Wetterbedingte Produktionslastverschiebungen kommunizieren

To communicate production time shifts in response to weather conditions.

At least one company in Germany is offering a service that communicates to its clients’ high-electricity-consuming factories when local electricity networks are running low on power. This would be in times of low sunlight and low wind, or possibly even artificially high demand caused by the opportunity to export electricity to a neighbor. The client factories then check whether their present processes would permit a production rearrangement to switch to less electricity-consuming manufacturing or even a delay, and in return they receive cash from the utilities for the timely power use reduction.

A “smart” factory profiled in Der Spiegel that needs a lot of energy to run its silicon-melting ovens can reduce its power consumption by up to one-third within minutes after receiving notification. For this, it can get up to 15,000 euros per month from the electricity network operator.

The electricity consumption management company profiled in Der Spiegel has about 100 clients for this service, including paper factories, water treatment facilities, public buildings and a brewery, adding up to about 650 megawatts. The service said their timely communication can replace coal-burning power plants that are only used during demand peaks and replace capacity markets used to hedge utilities’ overproduction safety margins.

The necessary framework of laws is not yet complete, said a representative of the service: the big utilities now are the ones to decide which companies can join such paid time-shifting arrangements in power-intensive manufacturing. They frequently take a very long time to permit new factories into the fold. There’s also a regulatory problem that needs to be ironed out in that factories that increase production when there’s a surplus of electricity in the wires are fined heavily by the utilities right now, even though they’re doing the utilities a favor.

(VET ah bed INKED ah   proad ooked see OWNS lost fair SHE boong en   com moon it’s EAR en.)

Grosse Kohlelition

Grand “coal”-alition.

Since the 22 Sep 2013 Bundestag election, Germany’s second-largest political party, the socialist S.P.D., has had a new boss: Sigmar Gabriel. He managed to get his party to agree to form a grosse Koalition with Chancellor Merkel’s largest political party, the conservative C.D.U. (and its Bavarian state branch, the C.S.U.), even though this effectively eliminated opposition from the Bundestag and usually causes the S.P.D. to lose voters after unethical compromises of its core principles. After delivering the S.P.D., via much talk, singing rousing songs and an up-or-down vote on whether to rule, Mr. Gabriel became the deputy chancellor of Germany and took on two cabinet ministries: Economics and Energy. He announced he would “reform” Germany’s switch to renewable energy sources, the awesome Energiewende, to cap government support of solar and wind power because he wanted to reduce electricity prices for consumers. The reporting indicated Mr. Gabriel has no plans to significantly reduce the C.D.U.’s exemptions, “industry privileges,” granted to high-volume electricity-consuming companies, which goes up by about 1000 companies/year and which the E.U. competition authority has said if not stopped or at least better organized may be reason for that authority to kill the Energiewende entirely. In fact, ZDF heute journal correspondent Stefan Leifert said, the new minister has refused to specify which important industries will get which rebates to their contributions to the Energiewende.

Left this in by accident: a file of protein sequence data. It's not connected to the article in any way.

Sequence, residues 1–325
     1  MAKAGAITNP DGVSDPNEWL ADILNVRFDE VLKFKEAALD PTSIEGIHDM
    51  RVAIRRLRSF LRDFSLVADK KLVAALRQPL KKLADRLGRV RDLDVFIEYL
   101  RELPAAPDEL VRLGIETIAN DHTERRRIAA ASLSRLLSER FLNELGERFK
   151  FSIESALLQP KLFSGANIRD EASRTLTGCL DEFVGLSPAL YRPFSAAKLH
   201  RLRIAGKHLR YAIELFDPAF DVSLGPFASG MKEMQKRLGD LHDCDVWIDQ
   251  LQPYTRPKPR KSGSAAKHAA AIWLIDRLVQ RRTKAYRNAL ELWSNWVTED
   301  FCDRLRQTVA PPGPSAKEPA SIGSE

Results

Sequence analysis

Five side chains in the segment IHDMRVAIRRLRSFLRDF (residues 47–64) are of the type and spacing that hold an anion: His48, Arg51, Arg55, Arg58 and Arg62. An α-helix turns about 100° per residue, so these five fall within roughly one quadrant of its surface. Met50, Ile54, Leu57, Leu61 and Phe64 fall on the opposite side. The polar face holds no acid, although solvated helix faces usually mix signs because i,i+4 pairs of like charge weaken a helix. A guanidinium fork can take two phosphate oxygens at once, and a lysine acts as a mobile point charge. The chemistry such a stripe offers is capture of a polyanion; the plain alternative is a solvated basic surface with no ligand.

Mr. Gabriel’s hand-picked successor as head of the S.P.D. is a representative of coal workers, from the Industriegewerkschaft Bergbau, Chemie, Energie (IG BCE, “industrial union for mining, chemistry, power”).

Because Bavaria has been investing in biofuel systems, the C.S.U. was not 100% behind kneecapping the Energiewende when Mr. Gabriel submitted his reform proposals on 30 Jan 2014. Bavaria’s Economy & Energy minister Ilse Aigner (C.S.U.) explained that biomass electricity generation is a reasonable alternative for times when there are low quantities of sun or wind.

(GROSS ah   COAL a lee tsee OWN.)


“Network fee exemption.” All electricity consumers in Germany have been sharing the costs to build alternative power sources and now to build new power lines to connect alternative power sources, such as the wind parks out in the North Sea, to the power grid. All electricity consumers in Germany? Well, not quite. Businesses that consume a lot of electricity have been getting exemptions from the government, and those businesses’ unpaid share of the costs has then been redistributed among everyone else, mostly private individuals and families. On 06 Mar 2013, the Düsseldorf Higher Regional Court overturned the rebates to high-volume electricity-consuming businesses from the shared costs of building the new power lines, saying the Energiewirtschaftsgesetz [Energy Industry Act] does not allow this exemption.